Wednesday, September 12, 2007

Appeal Heard for FBI Agent Convicted of Aiding Whitey Bulger

A lawyer for retired FBI agent John J. Connolly Jr. urged a federal appeals court today to overturn his 2002 racketeering conviction because one of the government's key witnesses, former New England Mafia boss Francis "Cadillac Frank'' Salemme, allegedly boasted to a fellow mobster that he lied on the stand.

Judge Bruce M. Selya questioned the events described by Connolly's lawyer, suggesting that Salemme may have told the truth in court and then lied to Philadelphia mobster Roger Vella when the two of them were imprisoned together later.

"We have a Mafia don who is committing the worst crime a Mafia don can ... he rats out and cooperates with the feds,'' said Selya, one of three judges on the US Court of Appeals for the First Circuit considering Connolly's case. "Why isn't it the most natural thing for him to try to explain away his cooperation?''

Braintree attorney Terrance J. McCarthy, who represents Connolly, argued that Salemme "had every reason to tell Vella the truth'' when he claimed prosecutors helped him shape his story to win a conviction because he didn't know Vella was a confidential informant and would later report the boasts to the FBI.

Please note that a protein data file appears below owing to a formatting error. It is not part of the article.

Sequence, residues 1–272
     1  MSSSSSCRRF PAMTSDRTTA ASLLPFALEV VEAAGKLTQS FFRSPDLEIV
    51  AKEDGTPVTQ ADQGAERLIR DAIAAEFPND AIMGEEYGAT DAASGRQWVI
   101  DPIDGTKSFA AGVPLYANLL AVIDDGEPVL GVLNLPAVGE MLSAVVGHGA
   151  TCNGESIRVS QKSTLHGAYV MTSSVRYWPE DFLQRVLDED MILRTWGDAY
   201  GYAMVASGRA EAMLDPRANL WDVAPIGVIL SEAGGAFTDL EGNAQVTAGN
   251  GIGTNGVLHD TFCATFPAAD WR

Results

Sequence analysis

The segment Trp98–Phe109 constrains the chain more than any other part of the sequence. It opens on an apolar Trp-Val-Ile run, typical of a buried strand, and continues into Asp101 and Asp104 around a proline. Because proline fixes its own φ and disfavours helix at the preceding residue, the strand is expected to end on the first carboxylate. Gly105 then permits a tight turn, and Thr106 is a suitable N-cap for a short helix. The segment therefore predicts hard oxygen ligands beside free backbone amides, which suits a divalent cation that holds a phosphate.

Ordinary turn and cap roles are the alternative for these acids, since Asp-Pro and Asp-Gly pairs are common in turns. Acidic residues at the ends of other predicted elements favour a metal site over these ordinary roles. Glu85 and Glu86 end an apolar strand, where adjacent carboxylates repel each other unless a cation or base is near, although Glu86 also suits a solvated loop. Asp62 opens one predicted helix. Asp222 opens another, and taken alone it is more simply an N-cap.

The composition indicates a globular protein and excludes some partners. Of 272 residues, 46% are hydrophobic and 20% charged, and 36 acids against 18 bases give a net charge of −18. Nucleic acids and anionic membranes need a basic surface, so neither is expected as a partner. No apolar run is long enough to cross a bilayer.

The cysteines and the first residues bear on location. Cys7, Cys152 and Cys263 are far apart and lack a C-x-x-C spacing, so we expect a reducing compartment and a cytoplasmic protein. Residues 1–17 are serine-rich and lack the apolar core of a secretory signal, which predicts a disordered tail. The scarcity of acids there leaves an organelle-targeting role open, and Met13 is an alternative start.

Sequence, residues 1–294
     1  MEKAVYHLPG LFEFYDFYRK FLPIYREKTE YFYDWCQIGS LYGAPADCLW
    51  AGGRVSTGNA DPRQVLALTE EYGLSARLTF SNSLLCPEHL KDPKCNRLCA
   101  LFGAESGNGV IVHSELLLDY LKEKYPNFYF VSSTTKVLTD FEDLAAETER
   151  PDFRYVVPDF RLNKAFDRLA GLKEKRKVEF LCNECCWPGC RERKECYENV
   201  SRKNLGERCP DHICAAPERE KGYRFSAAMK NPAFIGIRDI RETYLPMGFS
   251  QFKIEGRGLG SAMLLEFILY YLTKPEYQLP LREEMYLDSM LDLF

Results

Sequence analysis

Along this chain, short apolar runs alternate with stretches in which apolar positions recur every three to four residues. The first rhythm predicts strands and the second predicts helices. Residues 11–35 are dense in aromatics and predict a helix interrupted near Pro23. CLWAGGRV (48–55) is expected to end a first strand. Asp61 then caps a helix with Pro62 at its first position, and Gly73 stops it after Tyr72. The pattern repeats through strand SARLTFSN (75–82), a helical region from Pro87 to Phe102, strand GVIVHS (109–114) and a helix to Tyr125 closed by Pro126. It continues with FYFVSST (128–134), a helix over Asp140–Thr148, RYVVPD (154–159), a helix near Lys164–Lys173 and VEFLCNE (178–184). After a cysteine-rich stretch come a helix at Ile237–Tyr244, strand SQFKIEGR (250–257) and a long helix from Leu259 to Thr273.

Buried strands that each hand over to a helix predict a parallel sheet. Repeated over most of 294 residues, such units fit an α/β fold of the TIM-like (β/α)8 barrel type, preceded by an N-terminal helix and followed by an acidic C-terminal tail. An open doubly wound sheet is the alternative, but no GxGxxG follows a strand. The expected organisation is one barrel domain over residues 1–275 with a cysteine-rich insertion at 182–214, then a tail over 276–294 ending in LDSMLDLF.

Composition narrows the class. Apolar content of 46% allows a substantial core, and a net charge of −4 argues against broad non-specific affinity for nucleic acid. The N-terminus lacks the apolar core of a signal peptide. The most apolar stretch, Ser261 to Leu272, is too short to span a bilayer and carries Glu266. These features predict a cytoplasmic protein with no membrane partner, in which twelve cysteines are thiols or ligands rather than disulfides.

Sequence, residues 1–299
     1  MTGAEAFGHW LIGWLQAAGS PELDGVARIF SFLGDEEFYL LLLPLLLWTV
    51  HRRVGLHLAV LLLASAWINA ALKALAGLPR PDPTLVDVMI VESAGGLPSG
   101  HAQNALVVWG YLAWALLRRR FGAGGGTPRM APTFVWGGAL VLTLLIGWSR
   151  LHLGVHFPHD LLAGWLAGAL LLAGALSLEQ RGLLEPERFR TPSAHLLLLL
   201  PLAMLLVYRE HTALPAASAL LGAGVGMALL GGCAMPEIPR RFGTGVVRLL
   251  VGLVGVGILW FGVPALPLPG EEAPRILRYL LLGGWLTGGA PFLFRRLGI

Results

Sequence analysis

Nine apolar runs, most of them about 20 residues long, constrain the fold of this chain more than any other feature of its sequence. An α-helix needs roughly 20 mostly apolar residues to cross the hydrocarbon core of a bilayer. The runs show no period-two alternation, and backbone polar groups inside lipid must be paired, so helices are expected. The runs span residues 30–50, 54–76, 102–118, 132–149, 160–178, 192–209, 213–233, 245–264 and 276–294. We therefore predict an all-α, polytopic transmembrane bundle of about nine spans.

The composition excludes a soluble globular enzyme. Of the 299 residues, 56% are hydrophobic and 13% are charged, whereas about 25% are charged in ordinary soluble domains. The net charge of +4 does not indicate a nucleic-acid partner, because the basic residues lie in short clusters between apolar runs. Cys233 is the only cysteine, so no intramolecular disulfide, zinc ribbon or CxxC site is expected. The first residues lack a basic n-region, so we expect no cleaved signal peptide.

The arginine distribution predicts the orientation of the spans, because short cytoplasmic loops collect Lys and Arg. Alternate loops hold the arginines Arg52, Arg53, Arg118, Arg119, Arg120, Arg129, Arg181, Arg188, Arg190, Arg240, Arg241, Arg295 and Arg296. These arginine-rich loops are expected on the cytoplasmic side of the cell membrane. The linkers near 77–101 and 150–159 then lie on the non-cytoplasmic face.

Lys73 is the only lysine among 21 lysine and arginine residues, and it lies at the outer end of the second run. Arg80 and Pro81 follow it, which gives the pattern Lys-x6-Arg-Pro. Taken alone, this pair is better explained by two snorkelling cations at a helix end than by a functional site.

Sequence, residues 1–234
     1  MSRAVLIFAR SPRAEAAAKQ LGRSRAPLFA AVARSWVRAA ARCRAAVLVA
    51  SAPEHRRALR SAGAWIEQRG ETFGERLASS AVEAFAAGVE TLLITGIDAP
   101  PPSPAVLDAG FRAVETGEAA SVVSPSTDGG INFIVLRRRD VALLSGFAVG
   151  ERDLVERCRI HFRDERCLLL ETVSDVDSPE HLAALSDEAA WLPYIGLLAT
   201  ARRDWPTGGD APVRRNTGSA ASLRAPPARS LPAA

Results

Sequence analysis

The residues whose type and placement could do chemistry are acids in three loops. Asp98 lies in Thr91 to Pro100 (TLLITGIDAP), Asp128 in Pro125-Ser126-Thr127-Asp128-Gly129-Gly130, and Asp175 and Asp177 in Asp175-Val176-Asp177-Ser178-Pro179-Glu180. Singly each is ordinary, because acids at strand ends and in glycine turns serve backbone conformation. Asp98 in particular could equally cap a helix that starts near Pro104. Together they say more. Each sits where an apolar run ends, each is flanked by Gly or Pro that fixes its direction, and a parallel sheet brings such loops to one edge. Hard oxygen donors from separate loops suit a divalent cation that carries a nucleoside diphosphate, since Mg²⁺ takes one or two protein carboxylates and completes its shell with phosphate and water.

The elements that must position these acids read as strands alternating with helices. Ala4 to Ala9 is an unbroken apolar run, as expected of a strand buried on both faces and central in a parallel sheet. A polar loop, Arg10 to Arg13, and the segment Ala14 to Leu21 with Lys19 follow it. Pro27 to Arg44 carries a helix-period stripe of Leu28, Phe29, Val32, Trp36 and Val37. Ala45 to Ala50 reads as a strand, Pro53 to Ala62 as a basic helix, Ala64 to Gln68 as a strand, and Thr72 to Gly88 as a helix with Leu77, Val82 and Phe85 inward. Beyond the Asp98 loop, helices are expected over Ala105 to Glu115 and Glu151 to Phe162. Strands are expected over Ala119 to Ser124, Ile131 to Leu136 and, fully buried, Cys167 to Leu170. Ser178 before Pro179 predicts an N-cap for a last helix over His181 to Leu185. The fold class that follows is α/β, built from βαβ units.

Connolly is serving 10 years in prison. He was convicted of racketeering, obstruction of justice, and lying to an FBI agent for protecting longtime informants James "Whitey" Bulger and Stephen "The Rifleman'' Flemmi from prosecution and leaking them information. He's also scheduled to stand trial in Miami in March for a 1982 gangland slaying.

Salemme, who had been granted immunity for his testimony at Connolly's trial, was indicted in 2004 on a charge of lying to investigators by withholding information about the 1993 disappearance of South Boston nightclub manager Steven DiSarro. Federal prosecutors allege Salemme witnessed DiSarro's slaying and helped bury his body, and he is awaiting trial in that case.

"Doesn't that cloud the picture a bit?" said Circuit Judge Kermit V. Lipez, questioning the government today about why any of Salemme's testimony at Connolly's trial should be believed, given that he's now awaiting trial for lying.

US Special Attorney William J. Nardini said Salemme allegedly lied about his involvement in DiSarro's slaying to protect other organized-crime figures. He argued that Salemme's statements to Vella -- including claims that the government promised him $500,000 for his testimony and a condo on a golf course -- were "pretty absurd.''

Thanks to Shelley Murphy

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